A few days back we had our first frost warning. This was followed by a week's forecast of sunny and high 70s - low 80s. How unfair! So with that frost warning in mind, I pulled up the basil and harvested the leaves and pulled up two of my three lemon grass plants. (I made a bet — and won! — that the third lemon grass patch would survive the frost and get to enjoy one last stretch of warm weather.)
I pulled apart the stalks of lemon grass and stuck a few, with roots on of course, in glasses of water. I'll overwinter these stalks this way and replant them in the spring. I've done this two years running now. Small lemon grass plants run some $8 each at the Ann Arbor farmer's market, so this is an economical way to keep the lemon grass growing.
With a pile of fresh lemon grass on the kitchen counter I knew I had to make something fresh that day, and I pulled out my first Vietnamese cookbook and looked up a lemon grass stir-fry dish. I had acquired this cookbook back in my undergrad days. It was a glamorous book for its time (and still is), with beautiful food-art photos. I knew a lot less about cooking Asian dishes back then, and a lot of the ingredients (like fresh lemon grass) were hard to come by. My first Vietnamese stir-fry involved chicken, onions, fish sauce, and garlic. Back then I thought that fish sauce smelled awful when cooking but tasted just fine in the final dish. These days I'm so used to it that it doesn't even smell bad to me anymore. It just is what it is.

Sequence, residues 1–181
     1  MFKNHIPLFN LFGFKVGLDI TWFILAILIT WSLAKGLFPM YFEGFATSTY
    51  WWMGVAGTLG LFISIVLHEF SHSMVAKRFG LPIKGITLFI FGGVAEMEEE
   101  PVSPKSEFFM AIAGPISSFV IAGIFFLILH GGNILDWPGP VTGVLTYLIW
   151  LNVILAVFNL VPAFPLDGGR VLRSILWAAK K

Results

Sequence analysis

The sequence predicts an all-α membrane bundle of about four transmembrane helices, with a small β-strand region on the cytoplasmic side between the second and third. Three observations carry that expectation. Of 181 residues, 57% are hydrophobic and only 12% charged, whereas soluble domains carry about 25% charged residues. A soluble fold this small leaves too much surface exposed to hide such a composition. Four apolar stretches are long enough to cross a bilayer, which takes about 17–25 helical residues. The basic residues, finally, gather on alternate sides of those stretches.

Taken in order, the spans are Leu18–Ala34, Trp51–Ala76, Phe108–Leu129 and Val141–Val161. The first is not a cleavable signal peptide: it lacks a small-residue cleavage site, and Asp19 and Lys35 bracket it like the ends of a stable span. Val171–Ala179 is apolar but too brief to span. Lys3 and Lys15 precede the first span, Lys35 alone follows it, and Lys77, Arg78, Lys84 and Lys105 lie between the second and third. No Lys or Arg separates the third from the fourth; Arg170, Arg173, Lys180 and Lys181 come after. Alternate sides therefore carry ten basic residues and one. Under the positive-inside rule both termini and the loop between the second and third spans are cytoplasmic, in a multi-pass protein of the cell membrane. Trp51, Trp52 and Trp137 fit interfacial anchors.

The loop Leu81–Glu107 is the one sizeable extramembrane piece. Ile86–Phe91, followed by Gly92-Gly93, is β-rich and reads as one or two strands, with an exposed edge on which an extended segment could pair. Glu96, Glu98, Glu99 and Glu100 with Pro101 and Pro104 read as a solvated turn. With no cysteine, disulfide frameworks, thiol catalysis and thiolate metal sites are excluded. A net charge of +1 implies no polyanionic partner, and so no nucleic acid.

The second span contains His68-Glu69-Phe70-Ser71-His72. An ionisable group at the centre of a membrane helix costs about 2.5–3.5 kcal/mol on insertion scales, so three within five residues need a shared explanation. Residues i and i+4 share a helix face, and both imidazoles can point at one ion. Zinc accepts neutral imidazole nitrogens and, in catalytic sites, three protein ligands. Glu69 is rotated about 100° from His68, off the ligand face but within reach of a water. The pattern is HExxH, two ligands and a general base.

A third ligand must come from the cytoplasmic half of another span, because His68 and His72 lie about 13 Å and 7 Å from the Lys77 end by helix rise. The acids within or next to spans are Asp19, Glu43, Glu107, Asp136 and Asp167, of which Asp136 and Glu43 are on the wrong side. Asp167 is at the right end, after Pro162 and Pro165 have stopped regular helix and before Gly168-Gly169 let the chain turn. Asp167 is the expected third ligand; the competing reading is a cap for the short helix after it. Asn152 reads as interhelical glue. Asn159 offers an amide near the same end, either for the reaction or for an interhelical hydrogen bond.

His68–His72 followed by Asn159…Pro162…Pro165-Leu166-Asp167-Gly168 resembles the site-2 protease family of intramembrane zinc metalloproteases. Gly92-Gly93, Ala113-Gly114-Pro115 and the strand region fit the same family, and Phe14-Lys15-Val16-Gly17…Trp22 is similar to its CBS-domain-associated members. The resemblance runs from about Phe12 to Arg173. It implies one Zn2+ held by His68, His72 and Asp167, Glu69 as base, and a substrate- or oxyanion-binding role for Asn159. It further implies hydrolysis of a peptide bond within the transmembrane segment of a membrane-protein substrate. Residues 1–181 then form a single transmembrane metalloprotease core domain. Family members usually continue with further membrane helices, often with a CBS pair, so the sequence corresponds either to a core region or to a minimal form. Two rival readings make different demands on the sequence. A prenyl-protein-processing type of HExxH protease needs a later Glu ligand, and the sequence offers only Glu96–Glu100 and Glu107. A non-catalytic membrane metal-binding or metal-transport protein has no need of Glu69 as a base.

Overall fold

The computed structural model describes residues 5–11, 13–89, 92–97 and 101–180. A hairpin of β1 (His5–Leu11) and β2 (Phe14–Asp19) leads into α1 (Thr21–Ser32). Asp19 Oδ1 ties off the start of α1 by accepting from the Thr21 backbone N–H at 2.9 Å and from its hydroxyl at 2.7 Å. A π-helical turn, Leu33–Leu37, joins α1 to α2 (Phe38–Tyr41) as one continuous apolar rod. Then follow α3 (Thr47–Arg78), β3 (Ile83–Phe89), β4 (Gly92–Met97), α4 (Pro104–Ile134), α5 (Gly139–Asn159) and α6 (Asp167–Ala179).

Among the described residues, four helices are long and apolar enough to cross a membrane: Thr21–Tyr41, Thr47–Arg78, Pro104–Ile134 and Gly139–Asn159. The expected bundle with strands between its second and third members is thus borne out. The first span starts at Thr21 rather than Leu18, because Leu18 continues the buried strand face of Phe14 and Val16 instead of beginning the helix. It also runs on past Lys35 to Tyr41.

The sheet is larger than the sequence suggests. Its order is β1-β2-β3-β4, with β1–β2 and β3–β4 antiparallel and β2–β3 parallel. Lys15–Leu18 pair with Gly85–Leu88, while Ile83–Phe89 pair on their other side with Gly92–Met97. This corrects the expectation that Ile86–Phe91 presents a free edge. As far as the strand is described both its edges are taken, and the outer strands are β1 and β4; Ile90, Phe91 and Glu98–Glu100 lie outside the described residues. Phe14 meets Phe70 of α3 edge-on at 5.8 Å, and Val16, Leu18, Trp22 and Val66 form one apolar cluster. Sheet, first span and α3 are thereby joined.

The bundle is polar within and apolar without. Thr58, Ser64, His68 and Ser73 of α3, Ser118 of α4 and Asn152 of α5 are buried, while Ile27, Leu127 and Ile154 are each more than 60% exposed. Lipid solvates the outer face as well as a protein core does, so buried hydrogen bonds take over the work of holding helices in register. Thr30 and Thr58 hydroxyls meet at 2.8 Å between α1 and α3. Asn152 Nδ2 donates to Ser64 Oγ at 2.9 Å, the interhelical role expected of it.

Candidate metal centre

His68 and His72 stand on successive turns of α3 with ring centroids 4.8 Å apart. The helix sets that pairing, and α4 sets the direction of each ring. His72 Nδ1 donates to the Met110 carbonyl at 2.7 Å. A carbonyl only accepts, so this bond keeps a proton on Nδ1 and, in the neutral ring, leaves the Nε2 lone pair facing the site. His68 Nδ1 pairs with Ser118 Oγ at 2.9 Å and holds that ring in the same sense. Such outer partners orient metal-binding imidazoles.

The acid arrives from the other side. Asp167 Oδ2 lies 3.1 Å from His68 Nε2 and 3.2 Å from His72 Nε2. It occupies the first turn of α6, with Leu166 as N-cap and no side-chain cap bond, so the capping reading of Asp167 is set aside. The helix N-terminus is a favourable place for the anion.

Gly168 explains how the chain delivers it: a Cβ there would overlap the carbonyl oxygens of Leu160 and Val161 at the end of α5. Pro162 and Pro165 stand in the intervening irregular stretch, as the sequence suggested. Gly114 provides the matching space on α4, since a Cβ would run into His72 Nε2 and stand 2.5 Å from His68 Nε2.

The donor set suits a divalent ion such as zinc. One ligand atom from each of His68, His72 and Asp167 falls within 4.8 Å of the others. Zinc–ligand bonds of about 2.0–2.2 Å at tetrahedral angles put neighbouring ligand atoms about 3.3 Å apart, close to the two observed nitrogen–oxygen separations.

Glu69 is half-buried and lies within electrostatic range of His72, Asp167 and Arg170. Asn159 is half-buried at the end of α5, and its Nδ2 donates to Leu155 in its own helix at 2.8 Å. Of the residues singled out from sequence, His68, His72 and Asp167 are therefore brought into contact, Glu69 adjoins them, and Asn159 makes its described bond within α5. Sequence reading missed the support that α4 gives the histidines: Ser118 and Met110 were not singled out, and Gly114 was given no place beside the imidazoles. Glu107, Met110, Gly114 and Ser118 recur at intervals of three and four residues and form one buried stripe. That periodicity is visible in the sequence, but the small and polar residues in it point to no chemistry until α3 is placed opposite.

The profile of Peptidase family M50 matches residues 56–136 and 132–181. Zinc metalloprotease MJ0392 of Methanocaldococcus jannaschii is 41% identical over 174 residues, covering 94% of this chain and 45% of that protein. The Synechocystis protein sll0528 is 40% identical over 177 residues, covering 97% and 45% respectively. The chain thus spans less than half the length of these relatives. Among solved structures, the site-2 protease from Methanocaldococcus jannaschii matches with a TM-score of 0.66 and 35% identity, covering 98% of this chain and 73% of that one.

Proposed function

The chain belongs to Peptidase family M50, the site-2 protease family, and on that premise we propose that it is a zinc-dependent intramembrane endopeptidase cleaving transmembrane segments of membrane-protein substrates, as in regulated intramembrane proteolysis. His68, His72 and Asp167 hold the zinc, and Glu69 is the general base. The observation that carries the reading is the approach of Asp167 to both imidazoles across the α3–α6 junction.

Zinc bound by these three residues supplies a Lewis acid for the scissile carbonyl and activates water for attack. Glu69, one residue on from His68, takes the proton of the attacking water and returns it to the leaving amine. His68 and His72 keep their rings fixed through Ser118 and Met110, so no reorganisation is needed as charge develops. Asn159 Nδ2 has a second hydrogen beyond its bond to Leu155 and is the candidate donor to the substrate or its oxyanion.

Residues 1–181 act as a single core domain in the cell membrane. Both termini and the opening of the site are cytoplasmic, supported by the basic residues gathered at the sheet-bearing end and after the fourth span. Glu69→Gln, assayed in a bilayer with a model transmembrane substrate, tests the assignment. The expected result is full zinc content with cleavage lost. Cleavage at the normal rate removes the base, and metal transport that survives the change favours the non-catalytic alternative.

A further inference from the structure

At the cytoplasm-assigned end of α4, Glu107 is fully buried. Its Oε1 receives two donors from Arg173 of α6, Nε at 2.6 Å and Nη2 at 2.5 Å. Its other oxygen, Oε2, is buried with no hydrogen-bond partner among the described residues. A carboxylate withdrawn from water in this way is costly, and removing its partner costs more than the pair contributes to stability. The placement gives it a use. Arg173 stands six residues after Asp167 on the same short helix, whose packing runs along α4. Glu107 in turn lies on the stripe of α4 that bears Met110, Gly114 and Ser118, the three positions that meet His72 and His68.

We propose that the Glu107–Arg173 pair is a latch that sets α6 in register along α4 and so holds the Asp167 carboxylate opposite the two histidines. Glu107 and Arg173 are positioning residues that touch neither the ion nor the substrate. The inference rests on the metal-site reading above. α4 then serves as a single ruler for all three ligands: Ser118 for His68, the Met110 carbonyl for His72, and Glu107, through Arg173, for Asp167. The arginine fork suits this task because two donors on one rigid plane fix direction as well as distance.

2 Stalks fresh lemon grass (or 2 Tbs dried)
1 lb lean beef filet (I used flank steak)
2 fresh red chiles, seeded and minced (I used jalapeños)
6 garlic cloves, minced
3 Tbs nuoc nam (fish sauce)
1 tsp arrowroot starch or cornstarch
fresh ground black pepper
6 Tbs vegetable oil
1 Tbs sugar
2 med onions, cut into slivers (slivers? I cut them into fine half-round slices.)
1/4 Cup roasted peanuts, coarsely ground
cilantro sprigs for garnish (optional)
Prepare lemon grass: if using fresh, discard outer leaves and the "grassy" tops and slice into thin rounds. If you have a food processor, pulse the slices until finely chopped. Otherwise, you'll have to do it the hard way and hand slice and chop very fine. If using dried: soak in warm water for one hour, drain, and chop very fine.
Cut beef across the grain into thin slices about 2 inches long. Routhier says to pound the slices lightly with the flat of a cleaver. My slices were very thin, so I didn't bother.
In a bowl, combine the beef with the chiles, 1/2 of the garlic, lemon grass, 2 Tbs of fish sauce, arrowroot starch, black pepper to taste, and 2 Tbs of the oil. Mix well and set aside for 30 minutes.
(if you haven't already done so, this would be a good time to prepare the onions and peanuts)
Heat 2 Tbs of the oil in your wok. Fry onions and remaining garlic until crispy golden brown and remove with slotted spoon and set aside. (Don't follow my example! I always end up overcooking them until they are charred. Remove them just before you think they are ready.)
Add the remaining 2 Tbs of oil. Stir fry beef with remaining 1 Tbs of fish sauce and the sugar over high heat until beef is just cooked. Transfer to platter. Arrange with onions, top with peanuts and more ground black pepper and garnish with cilantro.
Serve with rice, or make a Vietnamese-style sandwich by splitting a sandwich-length section of a French baguette and stuffing it with the beef, along with some lettuce.
This dish also works wonderfully well with chicken.